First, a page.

Thursday, November 15th, 2012

It has been reported that the BBC have paid ‘headhunters’ Egon Zehnder, fees of almost £400,000 plus VAT to fill 3 senior BBC vacancies since 2010. These positions were the digital media director, head of vision and the Director General. The process twice produced internal candidates, one of which was George Entwistle. Egon Zehnder, it appears, recruited Lord Patten to his position on the BBC Trust. The Egon Zehnder website highlights:

“The ability to make good ‘people’ decisions is today’s most enduring source of competitive advantage. Decisions at the time of recruiting senior talent cast the longest shadow of all.”    QUITE!!

Allegedly, the fees for the DG post were £157,000 plus VAT. If this recruitment process were to be interrogated, it warrants the following questions:

  1. Who awarded the contract to Egon Zehnder? The extent and involvement of HR should be probed, as should their engagement, or lack of it, with procurement.
  2. What role did the Department of Culture, Media & Sport play, if any? It may be borne in mind that DCMS appointed Egon Zehnder to recruit the Chairperson of the BBC Trust, Lord Patten. He is incidentally, a non-executive director of Russell Reynolds Associates, Headhunters.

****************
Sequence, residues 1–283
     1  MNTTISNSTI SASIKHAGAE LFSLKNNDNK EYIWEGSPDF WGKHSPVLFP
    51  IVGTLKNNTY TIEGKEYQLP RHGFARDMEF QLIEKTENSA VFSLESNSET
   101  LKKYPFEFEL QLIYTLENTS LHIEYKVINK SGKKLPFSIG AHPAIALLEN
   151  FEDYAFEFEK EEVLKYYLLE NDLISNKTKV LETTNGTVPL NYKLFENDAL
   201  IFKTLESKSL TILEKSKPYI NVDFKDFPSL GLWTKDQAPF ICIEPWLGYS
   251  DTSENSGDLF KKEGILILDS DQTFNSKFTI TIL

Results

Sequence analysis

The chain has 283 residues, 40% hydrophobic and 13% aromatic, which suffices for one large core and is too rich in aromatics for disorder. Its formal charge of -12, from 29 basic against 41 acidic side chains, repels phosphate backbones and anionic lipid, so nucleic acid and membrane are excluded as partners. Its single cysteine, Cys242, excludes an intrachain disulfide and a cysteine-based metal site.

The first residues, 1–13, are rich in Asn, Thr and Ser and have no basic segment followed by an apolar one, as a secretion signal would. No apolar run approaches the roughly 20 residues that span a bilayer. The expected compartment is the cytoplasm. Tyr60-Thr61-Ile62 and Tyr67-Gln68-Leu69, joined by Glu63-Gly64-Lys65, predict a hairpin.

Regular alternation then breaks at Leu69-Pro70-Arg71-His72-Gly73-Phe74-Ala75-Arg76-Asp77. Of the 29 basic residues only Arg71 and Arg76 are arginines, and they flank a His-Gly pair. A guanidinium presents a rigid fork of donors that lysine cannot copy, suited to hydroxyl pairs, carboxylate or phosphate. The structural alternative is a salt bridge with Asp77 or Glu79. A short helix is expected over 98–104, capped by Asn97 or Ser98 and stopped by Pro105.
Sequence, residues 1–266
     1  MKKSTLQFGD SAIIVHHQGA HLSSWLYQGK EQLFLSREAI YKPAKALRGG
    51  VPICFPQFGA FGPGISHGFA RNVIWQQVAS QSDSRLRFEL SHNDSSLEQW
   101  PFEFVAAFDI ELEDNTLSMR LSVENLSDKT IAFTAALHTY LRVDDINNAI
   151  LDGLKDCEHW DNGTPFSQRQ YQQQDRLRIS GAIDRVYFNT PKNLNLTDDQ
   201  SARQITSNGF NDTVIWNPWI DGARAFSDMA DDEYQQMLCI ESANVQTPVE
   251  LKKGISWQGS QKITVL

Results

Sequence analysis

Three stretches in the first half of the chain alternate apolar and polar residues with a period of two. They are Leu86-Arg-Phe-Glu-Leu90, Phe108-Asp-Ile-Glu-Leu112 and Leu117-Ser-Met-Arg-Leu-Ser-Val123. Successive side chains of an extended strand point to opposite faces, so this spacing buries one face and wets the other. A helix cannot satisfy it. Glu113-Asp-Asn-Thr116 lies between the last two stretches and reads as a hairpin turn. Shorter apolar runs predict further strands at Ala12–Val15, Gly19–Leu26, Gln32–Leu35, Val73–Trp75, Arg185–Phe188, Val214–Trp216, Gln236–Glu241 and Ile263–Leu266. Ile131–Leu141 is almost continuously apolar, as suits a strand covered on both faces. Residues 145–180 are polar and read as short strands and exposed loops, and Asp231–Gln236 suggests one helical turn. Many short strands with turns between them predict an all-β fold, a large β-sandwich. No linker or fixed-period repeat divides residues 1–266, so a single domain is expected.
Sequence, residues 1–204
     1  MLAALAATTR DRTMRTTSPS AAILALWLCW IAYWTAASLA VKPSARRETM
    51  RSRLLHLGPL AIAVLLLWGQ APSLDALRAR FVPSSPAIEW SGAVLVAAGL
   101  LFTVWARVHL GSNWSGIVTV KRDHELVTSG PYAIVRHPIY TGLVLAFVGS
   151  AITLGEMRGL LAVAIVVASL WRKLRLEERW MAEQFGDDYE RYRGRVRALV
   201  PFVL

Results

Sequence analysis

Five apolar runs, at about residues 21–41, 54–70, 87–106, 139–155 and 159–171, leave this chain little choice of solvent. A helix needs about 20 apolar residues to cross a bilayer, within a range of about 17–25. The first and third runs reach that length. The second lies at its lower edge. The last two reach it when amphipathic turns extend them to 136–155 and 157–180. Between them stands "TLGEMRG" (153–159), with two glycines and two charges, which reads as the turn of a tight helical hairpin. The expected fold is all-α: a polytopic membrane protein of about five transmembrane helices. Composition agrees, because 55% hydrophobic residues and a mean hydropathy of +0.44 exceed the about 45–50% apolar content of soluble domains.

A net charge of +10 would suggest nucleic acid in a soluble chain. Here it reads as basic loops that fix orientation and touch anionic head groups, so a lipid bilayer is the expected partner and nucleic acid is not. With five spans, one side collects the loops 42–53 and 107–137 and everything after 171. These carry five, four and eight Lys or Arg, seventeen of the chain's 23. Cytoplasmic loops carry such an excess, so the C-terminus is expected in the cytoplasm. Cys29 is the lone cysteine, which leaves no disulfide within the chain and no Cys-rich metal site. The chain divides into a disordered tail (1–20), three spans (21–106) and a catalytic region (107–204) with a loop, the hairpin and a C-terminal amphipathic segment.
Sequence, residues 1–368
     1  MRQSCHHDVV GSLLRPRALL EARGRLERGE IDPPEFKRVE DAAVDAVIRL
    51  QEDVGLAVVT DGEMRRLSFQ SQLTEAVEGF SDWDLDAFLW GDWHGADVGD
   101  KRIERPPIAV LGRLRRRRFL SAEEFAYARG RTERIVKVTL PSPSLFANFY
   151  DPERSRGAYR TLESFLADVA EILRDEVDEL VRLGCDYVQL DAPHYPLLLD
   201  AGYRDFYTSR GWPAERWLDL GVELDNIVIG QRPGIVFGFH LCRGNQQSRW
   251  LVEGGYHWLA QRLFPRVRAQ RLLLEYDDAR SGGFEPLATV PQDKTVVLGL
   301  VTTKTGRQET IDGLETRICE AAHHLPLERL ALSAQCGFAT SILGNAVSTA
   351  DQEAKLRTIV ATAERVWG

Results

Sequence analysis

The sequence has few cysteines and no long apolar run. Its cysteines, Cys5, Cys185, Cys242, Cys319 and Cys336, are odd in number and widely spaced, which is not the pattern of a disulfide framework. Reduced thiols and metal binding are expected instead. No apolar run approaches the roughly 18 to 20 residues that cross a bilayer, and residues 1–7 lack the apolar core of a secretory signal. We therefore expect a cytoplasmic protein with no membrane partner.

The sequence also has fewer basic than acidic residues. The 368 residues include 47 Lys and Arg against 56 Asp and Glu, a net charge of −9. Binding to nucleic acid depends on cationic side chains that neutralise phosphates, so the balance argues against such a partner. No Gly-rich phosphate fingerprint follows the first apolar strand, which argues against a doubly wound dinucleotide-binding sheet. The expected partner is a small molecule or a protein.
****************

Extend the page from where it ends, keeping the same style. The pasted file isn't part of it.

3. Who wrote and signed off the person specification, setting out the specific personal qualities and depth of experience required?
  4. Who determined the recruitment process? If it was the headhunters, why didn’t the BBC HR Department do it?
  5. Were advance payments made to Egon Zehnder (remembering the ship for St Helena case)?
  6. Assuming the figure of £157,000 is accurate, who has asked for a breakdown? Do we have
  •     per diem fees for the consultants?
  •     what overheads were allowed?
  •     what expenses were paid, including interviewees travel & hotels?
  •     what profit did Egon Zehnder make from the deal?

7. What specific Contract Terms & Conditions were agreed with Egon Zehnder?

The answers to the above would be informative. There is, of course, a lessons learned for any organisation engaging headhunters. They usually insist on an up-front payment on retention and typically this is non-refundable. Their operations are cloaked in secrecy, as they use varied tactics to identify candidates, having accessed their ‘knowledge garden’. Would we be expecting too much to assert that a competent HR Director should be capable of finding senior staff for an organisation? We also observe, through our experience, that procurement are excluded from the process to appoint headhunters. Would a reason be that they would ask too many awkward questions.

Finally, returning to the BBC fees of allegedly £157,000, at £1000 per diem it equates to 157 person days – who has the audited time expended, data sheets, to clearly demonstrate that under English Common Law, Unjust Enrichment has not occurred? We are not alleging it did, simply asking who can demonstrate it didn’t.